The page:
Directors Can Be Held Liable If Boards Are Not "Cyber-Prepared"

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As reported in the WSJ's Morning Risk Report: Cybersecurity Responsibility Falling to Boards, U.S. regulators are expecting corporate boards to take responsibility for cybersecurity.

Per the article, it is reported that regulators are saying directors and officers who fail to do so could be held individually liable for any lapses that occur. Accordingly, boards must assemble the proper teams and prepare plans to prevent and respond to any cyber breaches. In fact, a speech from Securities and Exchange Commission Commissioner Luis Aguilar in June 2014 made this point crystal clear:

When considering the board’s role in addressing cybersecurity issues, it is useful to keep in mind the broad duties that the board owes to the corporation and, more specifically, the board’s role in corporate governance and overseeing risk management. It has long been the accepted model, both here and around the world, that corporations are managed under the direction of their boards of directors.


Good boards also recognize the need to adapt to new circumstances — such as the increasing risks of cyber-attacks. To that end, board oversight of cyber-risk management is critical to ensuring that companies are taking adequate steps to prevent, and prepare for, the harms that can result from such attacks. There is no substitution for proper preparation, deliberation, and engagement on cybersecurity issues. Given the heightened awareness of these rapidly evolving risks, directors should take seriously their obligation to make sure that companies are appropriately addressing those risks.

Commissioner Aguilar also noted that the the recently created National Institute of Standards and Technology framework creates a type of template that corporations, director's and officers can adapt to their organizational needs:

The NIST Cybersecurity Framework is intended to provide companies with a set of industry standards and best practices for managing their cybersecurity risks. In essence, the Framework encourages companies to be proactive and to think about these difficult issues in advance of the occurrence of a possibly devastating cyber-event. While the Framework is voluntary guidance for any company, some commentators have already suggested that it will likely become a baseline for best practices by companies, including in assessing legal or regulatory exposure to these issues or for insurance purposes. At a minimum, boards should work with management to assess their corporate policies to ensure how they match-up to the Framework’s guidelines – and whether more may be needed.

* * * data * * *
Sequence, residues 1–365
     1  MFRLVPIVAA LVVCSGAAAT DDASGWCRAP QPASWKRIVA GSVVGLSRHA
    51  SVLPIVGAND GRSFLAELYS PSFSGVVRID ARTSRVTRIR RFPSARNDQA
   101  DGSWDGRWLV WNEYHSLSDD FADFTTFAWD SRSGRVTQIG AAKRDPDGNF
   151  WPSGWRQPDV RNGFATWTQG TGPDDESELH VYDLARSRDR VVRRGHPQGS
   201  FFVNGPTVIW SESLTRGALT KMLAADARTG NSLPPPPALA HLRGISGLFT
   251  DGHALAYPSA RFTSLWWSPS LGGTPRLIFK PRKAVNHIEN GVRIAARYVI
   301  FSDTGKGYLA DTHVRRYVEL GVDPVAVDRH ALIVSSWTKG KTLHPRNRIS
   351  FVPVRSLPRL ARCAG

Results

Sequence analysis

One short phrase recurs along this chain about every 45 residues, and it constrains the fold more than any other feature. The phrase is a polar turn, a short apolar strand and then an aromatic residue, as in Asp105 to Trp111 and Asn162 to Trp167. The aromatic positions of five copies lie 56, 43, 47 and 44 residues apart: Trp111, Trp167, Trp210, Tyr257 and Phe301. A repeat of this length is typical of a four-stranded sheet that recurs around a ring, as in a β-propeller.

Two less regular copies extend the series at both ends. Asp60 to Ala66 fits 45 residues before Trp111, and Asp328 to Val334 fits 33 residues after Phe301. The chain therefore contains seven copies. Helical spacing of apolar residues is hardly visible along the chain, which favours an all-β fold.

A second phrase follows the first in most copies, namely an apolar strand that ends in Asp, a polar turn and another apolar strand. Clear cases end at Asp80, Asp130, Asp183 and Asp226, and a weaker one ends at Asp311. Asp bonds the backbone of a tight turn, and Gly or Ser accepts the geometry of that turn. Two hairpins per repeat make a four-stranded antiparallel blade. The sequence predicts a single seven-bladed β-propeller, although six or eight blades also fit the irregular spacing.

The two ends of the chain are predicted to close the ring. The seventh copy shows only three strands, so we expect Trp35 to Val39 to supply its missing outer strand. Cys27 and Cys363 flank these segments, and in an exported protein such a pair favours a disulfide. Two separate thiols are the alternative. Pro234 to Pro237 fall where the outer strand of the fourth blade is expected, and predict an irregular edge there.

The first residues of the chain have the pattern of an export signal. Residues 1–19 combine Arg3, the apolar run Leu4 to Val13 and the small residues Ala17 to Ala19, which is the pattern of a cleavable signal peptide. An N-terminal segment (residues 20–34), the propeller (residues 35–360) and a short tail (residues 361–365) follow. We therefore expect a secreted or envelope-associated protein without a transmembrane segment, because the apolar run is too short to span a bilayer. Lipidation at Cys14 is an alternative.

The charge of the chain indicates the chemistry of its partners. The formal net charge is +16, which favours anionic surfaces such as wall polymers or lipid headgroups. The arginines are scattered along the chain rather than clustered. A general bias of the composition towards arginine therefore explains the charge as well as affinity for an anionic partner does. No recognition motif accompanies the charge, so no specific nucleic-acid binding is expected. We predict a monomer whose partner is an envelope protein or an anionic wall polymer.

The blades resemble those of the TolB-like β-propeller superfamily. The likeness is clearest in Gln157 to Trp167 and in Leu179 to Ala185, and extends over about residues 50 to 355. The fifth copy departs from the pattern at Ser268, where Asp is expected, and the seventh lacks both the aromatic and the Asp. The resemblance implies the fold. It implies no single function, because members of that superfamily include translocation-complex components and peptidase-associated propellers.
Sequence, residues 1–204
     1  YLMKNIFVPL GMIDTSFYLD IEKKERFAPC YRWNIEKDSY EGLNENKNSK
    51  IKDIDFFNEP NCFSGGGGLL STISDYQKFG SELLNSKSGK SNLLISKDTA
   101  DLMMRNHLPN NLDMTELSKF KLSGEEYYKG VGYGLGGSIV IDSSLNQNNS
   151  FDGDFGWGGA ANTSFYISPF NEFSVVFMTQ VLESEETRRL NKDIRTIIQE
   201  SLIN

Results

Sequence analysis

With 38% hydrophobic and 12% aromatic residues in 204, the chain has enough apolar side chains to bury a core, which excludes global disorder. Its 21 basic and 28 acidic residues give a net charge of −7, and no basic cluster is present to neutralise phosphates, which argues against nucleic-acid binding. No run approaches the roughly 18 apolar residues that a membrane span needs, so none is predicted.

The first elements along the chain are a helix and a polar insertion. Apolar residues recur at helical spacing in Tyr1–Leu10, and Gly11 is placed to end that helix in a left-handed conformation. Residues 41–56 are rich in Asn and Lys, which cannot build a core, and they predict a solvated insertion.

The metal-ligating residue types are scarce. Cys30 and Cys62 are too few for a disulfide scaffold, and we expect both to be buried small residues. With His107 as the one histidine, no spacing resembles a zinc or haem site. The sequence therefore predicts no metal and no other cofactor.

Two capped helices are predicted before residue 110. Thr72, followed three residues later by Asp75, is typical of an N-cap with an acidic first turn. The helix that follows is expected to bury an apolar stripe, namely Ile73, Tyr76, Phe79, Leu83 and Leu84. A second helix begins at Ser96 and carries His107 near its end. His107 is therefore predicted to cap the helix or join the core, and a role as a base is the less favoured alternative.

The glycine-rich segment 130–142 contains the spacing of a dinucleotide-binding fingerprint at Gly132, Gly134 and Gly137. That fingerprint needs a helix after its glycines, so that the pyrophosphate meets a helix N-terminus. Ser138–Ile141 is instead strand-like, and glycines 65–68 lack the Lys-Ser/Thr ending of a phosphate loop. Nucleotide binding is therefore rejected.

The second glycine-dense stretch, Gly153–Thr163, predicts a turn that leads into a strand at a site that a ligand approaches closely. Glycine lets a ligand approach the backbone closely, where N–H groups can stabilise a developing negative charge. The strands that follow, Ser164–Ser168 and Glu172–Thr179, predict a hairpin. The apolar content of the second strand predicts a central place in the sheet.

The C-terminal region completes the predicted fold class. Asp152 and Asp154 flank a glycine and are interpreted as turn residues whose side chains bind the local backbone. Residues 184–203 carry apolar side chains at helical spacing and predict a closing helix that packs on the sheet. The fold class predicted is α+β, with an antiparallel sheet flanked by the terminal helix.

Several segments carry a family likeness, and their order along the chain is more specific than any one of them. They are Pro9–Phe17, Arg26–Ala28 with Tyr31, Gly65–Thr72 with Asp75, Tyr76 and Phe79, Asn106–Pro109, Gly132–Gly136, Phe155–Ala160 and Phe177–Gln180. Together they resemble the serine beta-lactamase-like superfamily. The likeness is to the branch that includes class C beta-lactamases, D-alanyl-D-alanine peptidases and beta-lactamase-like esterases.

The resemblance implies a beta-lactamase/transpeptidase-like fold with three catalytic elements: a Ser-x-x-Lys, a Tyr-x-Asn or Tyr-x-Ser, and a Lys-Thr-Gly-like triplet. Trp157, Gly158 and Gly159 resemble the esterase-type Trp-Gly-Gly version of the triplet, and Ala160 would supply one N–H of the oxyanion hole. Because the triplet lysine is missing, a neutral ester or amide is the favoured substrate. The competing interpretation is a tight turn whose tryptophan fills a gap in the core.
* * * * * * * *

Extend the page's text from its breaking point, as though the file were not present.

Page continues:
Among other things, the NIST framework advises companies and boards to:

  • Identify: Develop the organizational understanding to manage cybersecurity risk to systems, assets, data, and capabilities
  • Protect: Develop and implement the appropriate safeguards to ensure delivery of critical infrastructure services
  • Detect: Develop and implement the appropriate activities to identify the occurrence of a cybersecurity event
  • Respond: Develop and implement the appropriate activities to take action regarding a detected cybersecurity event
  • Recover: Develop and implement the appropriate activities to maintain plans for resilience and to restore any capabilities or services that were impaired due to a cybersecurity event

Board preparedness and planning can be critical to insulating directors from liability.  In a recent decision, Palkon v. Holmes, No. 14-CV-01234 (D.N.J.), a federal district court dismissed a shareholder class action against directors, the president/CEO, and general counsel of Wyndham alleging breaches of the fiduciary duties of care and loyalty and the wasting of company assets following 3 data breaches between April 2008 and January 2010 resulting in the theft of over 600,000 customers’ credit card information.  Critical to the Court's decision making was the Business Judgment Rule, which the Court found protected the Board from liability as it:

  • Held 14 quarterly meetings in which it discussed the cyber attacks, company security policies, and proposed security enhancements
  • Appointed the audit committee to investigate the breaches, and that committee met at least 16 times to review cybersecurity
  • Hired a technology firm to recommend security enhancements, which the company had begun to implement
  • Had cybersecurity measures in place that had been discussed numerous times by the board prior to the security breach

Based upon existing regulatory guidance, expert analysis, and case law, in order to protect themselves from risk and legal liability, Boards should be asking and answering the following critical questions:

  • What is the board’s familiarity with cybersecurity?
  • Have the company's data "crown jewels" been identified and are they properly protected?
  • Can the board articulate its cyber risks and explain its approach and response to such risk?
  • Has the board assigned clear roles and responsibilities for identifying, evaluating, monitoring, and responding to cybersecurity incidents?
  • What are the company's crisis communications plans in the event of a cyber attack?
  • Is the company properly managing third-party vendors who have access to their IT environment?
  • Does the company's insurance cover a cyber event?

If these questions cannot be adequately answered, boards and their directors should seek out legal and regulatory expertise to address these critical gaps.  As the Palkon case shows, proper "cyber-preparedness" is the only way to limit board liability and truly minimize cyber risk.

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